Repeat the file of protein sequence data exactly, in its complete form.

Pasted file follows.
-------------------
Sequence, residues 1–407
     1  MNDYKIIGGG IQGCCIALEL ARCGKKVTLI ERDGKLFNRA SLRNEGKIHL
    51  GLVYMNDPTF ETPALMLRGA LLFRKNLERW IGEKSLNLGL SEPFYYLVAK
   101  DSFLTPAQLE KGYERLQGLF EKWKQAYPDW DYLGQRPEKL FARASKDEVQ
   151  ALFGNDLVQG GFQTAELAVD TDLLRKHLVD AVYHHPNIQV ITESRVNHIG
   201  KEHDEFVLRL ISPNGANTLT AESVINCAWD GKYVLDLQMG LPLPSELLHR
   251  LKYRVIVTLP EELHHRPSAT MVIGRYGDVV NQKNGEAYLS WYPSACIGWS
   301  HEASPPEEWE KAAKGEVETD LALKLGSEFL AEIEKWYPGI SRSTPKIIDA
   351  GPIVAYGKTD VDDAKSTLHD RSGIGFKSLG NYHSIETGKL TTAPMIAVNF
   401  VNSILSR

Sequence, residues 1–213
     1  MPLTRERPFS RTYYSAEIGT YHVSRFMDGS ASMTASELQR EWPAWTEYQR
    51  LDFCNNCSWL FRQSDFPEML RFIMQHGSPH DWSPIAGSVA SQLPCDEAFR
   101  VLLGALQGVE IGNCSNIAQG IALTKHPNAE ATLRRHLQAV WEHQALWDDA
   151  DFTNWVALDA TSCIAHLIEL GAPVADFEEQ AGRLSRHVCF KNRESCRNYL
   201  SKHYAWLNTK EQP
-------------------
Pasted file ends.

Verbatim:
Sequence, residues 1–407
     1  MNDYKIIGGG IQGCCIALEL ARCGKKVTLI ERDGKLFNRA SLRNEGKIHL
    51  GLVYMNDPTF ETPALMLRGA LLFRKNLERW IGEKSLNLGL SEPFYYLVAK
   101  DSFLTPAQLE KGYERLQGLF EKWKQAYPDW DYLGQRPEKL FARASKDEVQ
   151  ALFGNDLVQG GFQTAELAVD TDLLRKHLVD AVYHHPNIQV ITESRVNHIG
   201  KEHDEFVLRL ISPNGANTLT AESVINCAWD GKYVLDLQMG LPLPSELLHR
   251  LKYRVIVTLP EELHHRPSAT MVIGRYGDVV NQKNGEAYLS WYPSACIGWS
   301  HEASPPEEWE KAAKGEVETD LALKLGSEFL AEIEKWYPGI SRSTPKIIDA
   351  GPIVAYGKTD VDDAKSTLHD RSGIGFKSLG NYHSIETGKL TTAPMIAVNF
   401  VNSILSR

Sequence, residues 1–213
     1  MPLTRERPFS RTYYSAEIGT YHVSRFMDGS ASMTASELQR EWPAWTEYQR
    51  LDFCNNCSWL FRQSDFPEML RFIMQHGSPH DWSPIAGSVA SQLPCDEAFR
   101  VLLGALQGVE IGNCSNIAQG IALTKHPNAE ATLRRHLQAV WEHQALWDDA
   151  DFTNWVALDA TSCIAHLIEL GAPVADFEEQ AGRLSRHVCF KNRESCRNYL
   201  SKHYAWLNTK EQP